When Younger actress Molly Bernard read the show's last ever script, her heart skipped a beat.
The 32-year-old actress has played publicist and social media guru Lauren Heller on Younger since the beloved Stan show's first episode and although her character was initially just a recurring one, seven seasons later it's gone on to create TV history.
The dramedy, which was created by Darren Star and is based on the novel of the same name by Pamela Redmond Satran, follows Liza Miller (Sutton Foster), a 40-year-old mother who ends up moving to New York City to live with her best friend Maggie (Debi Mazar) and lies about her age to score a job in a publishing house where she works alongside Diana Trout (Miriam Shor) and Kelsey Peters (Hilary Duff).
Take a look at the trailer for season seven of Younger, coming only to Stan. Post continues below...
Alongside her fan-favourite role on Younger, Molly has made a name for herself via appearances on Chicago Med, Blindspot and Transparent, but she said the end of Younger's seven-season run had made her particularly emotional.
"I’m always surprised about where the show goes, but I’m never surprised by Lauren," Molly told Mamamia. " Which I know is a cop-out answer, but as I was reading the final script, I just thought ‘this show is so good’.
"There is a crazy thing that happens with Lauren in the finale and fans are going to really like it, it’s pretty wild."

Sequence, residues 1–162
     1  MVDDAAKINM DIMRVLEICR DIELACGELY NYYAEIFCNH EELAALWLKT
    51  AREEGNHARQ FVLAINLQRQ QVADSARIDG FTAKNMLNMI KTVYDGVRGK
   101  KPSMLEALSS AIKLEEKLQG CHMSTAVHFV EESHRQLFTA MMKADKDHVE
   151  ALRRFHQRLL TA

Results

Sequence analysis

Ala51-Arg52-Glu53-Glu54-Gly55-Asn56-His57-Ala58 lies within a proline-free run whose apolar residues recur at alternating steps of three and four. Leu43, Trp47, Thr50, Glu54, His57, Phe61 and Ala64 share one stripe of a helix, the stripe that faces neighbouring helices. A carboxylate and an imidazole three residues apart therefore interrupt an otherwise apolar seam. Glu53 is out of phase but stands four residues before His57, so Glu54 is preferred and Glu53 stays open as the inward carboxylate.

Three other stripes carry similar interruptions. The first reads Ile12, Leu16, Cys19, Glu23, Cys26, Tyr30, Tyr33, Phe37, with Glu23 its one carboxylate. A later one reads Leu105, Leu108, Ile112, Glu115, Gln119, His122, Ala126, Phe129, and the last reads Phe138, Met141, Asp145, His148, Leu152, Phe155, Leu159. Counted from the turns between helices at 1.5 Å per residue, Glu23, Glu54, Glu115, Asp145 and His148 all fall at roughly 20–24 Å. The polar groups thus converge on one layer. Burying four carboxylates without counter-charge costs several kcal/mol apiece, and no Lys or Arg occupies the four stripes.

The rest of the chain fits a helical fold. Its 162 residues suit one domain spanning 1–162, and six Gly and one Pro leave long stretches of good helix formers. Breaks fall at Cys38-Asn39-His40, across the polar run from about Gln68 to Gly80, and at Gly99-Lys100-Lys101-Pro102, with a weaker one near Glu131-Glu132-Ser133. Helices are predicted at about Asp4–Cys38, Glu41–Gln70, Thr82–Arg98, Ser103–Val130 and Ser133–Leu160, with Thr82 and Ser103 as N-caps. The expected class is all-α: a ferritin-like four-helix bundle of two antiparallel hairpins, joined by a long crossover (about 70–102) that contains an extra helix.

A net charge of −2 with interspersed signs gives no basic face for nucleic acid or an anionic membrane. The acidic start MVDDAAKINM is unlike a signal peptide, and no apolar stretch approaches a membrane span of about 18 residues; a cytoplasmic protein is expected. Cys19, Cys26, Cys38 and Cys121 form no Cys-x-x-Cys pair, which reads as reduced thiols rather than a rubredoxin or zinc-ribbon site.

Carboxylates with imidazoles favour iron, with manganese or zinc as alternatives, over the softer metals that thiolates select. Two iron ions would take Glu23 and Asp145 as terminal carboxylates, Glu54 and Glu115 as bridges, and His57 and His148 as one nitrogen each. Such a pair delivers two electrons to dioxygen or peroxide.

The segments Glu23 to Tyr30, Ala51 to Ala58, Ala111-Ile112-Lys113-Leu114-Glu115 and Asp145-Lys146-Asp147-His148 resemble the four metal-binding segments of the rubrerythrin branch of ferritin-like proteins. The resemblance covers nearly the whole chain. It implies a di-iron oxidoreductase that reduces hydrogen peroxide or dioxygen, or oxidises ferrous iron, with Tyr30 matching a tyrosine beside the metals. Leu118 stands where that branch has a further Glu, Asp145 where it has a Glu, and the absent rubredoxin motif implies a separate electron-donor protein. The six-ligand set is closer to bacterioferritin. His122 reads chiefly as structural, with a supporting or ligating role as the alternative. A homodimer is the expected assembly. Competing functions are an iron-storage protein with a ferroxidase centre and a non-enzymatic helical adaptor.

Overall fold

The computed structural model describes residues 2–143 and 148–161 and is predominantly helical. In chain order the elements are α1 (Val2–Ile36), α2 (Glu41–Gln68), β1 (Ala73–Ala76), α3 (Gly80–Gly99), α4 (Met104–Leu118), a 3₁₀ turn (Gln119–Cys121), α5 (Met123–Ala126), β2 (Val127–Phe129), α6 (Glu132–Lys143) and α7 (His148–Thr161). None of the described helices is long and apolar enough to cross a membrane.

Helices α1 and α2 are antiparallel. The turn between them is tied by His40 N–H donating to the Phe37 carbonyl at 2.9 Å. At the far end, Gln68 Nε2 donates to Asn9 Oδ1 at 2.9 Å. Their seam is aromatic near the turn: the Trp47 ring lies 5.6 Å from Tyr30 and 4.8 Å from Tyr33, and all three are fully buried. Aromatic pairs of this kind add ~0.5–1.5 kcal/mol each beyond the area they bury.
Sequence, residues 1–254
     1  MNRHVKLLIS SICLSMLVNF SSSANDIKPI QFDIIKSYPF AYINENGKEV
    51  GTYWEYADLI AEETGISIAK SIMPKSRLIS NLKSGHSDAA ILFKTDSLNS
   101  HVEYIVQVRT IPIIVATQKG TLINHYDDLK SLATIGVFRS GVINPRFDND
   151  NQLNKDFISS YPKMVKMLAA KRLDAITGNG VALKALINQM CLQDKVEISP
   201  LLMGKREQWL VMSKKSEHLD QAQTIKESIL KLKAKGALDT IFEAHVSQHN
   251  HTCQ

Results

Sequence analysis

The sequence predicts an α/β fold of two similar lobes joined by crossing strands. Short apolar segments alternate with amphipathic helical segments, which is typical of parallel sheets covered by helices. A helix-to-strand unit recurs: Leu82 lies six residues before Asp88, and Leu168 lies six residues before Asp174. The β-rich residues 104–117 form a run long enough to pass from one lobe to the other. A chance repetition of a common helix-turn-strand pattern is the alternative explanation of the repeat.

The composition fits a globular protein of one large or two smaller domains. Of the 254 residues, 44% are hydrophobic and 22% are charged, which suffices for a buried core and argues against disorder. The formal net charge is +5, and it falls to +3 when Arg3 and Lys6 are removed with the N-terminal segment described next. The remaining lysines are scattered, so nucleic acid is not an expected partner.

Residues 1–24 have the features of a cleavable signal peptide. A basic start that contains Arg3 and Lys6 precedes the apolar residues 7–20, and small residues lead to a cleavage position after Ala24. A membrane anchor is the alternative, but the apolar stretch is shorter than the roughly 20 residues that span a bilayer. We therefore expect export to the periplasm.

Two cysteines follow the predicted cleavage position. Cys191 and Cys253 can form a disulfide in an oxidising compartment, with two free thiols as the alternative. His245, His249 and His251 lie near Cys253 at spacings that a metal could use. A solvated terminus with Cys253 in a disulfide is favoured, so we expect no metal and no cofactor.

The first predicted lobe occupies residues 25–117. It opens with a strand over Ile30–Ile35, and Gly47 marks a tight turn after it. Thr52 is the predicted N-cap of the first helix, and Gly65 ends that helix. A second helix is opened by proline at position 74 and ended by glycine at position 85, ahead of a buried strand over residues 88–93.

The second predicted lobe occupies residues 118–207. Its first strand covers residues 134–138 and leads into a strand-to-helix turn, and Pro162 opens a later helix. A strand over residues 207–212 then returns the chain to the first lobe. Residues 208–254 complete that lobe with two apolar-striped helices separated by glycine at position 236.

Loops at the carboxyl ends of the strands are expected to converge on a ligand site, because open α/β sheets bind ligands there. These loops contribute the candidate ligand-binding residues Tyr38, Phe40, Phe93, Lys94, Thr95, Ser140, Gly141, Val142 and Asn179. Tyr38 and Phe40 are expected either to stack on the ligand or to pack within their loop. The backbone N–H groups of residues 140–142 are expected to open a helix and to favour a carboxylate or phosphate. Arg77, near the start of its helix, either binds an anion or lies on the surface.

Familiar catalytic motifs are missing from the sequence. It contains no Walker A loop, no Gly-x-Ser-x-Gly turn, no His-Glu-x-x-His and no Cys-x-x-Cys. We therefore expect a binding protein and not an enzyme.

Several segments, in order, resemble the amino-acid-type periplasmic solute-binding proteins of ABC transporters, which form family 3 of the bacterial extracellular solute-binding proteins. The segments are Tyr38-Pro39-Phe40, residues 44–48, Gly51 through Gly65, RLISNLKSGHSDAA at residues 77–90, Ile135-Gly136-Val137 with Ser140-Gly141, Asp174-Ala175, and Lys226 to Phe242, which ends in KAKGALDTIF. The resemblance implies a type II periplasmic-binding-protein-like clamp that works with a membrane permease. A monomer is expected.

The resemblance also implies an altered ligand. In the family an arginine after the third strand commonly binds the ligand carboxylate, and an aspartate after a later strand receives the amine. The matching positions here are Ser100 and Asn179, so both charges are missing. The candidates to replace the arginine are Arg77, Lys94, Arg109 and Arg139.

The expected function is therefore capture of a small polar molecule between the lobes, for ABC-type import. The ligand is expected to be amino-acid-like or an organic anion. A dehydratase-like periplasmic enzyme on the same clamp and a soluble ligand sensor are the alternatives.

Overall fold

The character of Lauren is described as a fluid pansexual female making her one of the first pansexual characters in a main role on a TV series and even all these years later, the character remains a rarity in the pop culture landscape.
When talking about her own sexuality, Molly has previously said "I would not define myself as bi, or pan or fluid, I would just say that I am straight up — queer" and in January 2020 the actress happily announced her engagement to longtime girlfriend Hannah Lieberman.
"It has been so important to me to play one of the first pansexual characters on TV," Molly said when asked about her place in TV history. "That kind of representation is critical. I think it’s also important that Lauren really loves herself, unconditionally, and that is rare.
"And her parents do too, she’s not living in secret as a queer person and it’s not tokenised. I feel very happy that I’ve been able to play someone who is an out and proud queer person. That just has to be important to so many people, that it’s not a dark thing and doesn’t haunt her."